Real Estate Highlights of 2010: part 2

Real Estate Highlights of 2010 – continued…
Buyer’s Market

On April 27th I posted, “Hello Buyer’s Market!” to let my clients know we were in a Buyers Market.  It was four months later that the chief economist of the Real Estate Association mentioned “a summer shift to a buyers market”.

Balanced Market

Locally this past November we moved back to a balanced market and prices stabilized around September after a 2 – 3 percent decline. The number of REBGV MLS listings at that time was hovering in the 14,000 range. As at December 31, 2010, this number had declined to 10,716, and for the Fraser Valley Real Estate Board (FVREB) this number was down to 6,586.

As I’ve reported before, the last day of each year is the day we get the single largest number of expiries and December 31, 2010 was no let down. Overnight the REBGV dropped from !0,716 to 9,207 and the FVREB dropped from 6,586 to 5,583.


With less than 15,000 listings available between the two regional boards, we must be careful before declaring a Seller’s Market because of a couple of factors.

The number of buyers (demand) appears to be diminishing and if the upcoming budget changes the lending rules then we could see them evaporate further.

The big unknown is, how many new homes are for sale directly from builders that are not listed on MLS?  Also, whether the effect of the HST will take it’s toll on new home sales?

The other factor is that many of the listings that expired in late 2010 will be brought back to market in the next few months.  Hopefully these potential sellers were given a reality check by their REALTOR® and will have a realistic price this time; please don’t waste out time.


The in-migration for BC is still trending up and by 2040 we will have grown by nearly 50% to be a population of well over 3.5 million.

This almost guarantees an annual demand for housing whether it be owned or rented, and the number of people actually coming into BC averages about 40,000 annually with the majority coming to the Lower Mainland. This is all new demand for local housing and a part of what makes the Lower Mainland inimitable.

The real estate business today involves Gen X and Y over 70 percent of the time. In 2010 94% of all residential real estate business originated from online.

For Consumers (of real estate services)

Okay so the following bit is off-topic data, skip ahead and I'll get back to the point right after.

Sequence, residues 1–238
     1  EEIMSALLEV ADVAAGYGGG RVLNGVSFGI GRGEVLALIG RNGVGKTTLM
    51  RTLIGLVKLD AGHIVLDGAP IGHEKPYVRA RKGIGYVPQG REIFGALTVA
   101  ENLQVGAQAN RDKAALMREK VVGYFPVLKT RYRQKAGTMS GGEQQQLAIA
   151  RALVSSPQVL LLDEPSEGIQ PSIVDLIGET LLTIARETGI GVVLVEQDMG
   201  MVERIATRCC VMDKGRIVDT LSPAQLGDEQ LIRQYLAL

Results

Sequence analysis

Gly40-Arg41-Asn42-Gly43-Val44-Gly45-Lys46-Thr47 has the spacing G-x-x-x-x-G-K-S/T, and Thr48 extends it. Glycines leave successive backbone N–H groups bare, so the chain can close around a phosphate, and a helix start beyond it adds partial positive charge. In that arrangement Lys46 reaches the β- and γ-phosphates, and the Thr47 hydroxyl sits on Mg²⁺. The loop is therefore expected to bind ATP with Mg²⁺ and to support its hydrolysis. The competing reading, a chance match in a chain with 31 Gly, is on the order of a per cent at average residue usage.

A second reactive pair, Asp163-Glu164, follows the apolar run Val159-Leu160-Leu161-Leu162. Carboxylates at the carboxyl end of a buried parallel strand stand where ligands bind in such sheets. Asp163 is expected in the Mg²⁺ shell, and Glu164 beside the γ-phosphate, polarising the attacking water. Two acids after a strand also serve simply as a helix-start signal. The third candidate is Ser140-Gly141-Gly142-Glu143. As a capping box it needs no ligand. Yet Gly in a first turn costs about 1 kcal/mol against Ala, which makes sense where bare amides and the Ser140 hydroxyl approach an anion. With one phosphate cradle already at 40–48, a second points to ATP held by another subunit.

Consumers expectations were met with more services that add value as the real estate industry (North American-wide) underwent changes in 2010.

For example, an increase in the adoption by REALTORS® of, texting, GPS, CR codes, etc., is replacing (or complementing) the more traditional tools and systems.

REALTOR® turnover

While many new licensees are unable to make it in the business, many just can’t keep up with the changes.  Is the turnover of REALTORS® on the rise? There are about 16,000 REALTORS® in BC and turnover continues at breakneck speed. Total turnover for the latest 5 year period is darn close to 100 percent, and I believe that this turnover is going to get higher as we move forward.

A few personal 2010 slices…

Our new workshop, which is about current information for people entering the market to consider, was held in 2010. The Buyer Beware seminar was video taped in modules and will be released online in 2011. It will also resume on January 25, 2011 at Douglas College. 

I provided background information to many media sources in 2010, and participated in several reports. Here is the most recent; a story done by CBC TV in which I participated: Homeowners out thousands despite warranty

A new look website was launched at the end of 2010; let me know if it could be more helpful.

In 2010 I was proud to be recognized and receive the REALTORS Care® award from my peers.

I met some wonderful people online and in person (including many new additions to clients families – congrats) and in so doing made many new friends in 2010.

Remember that unless we live our lives differently than in 2010 things are unlikely to change. Happy New Year.

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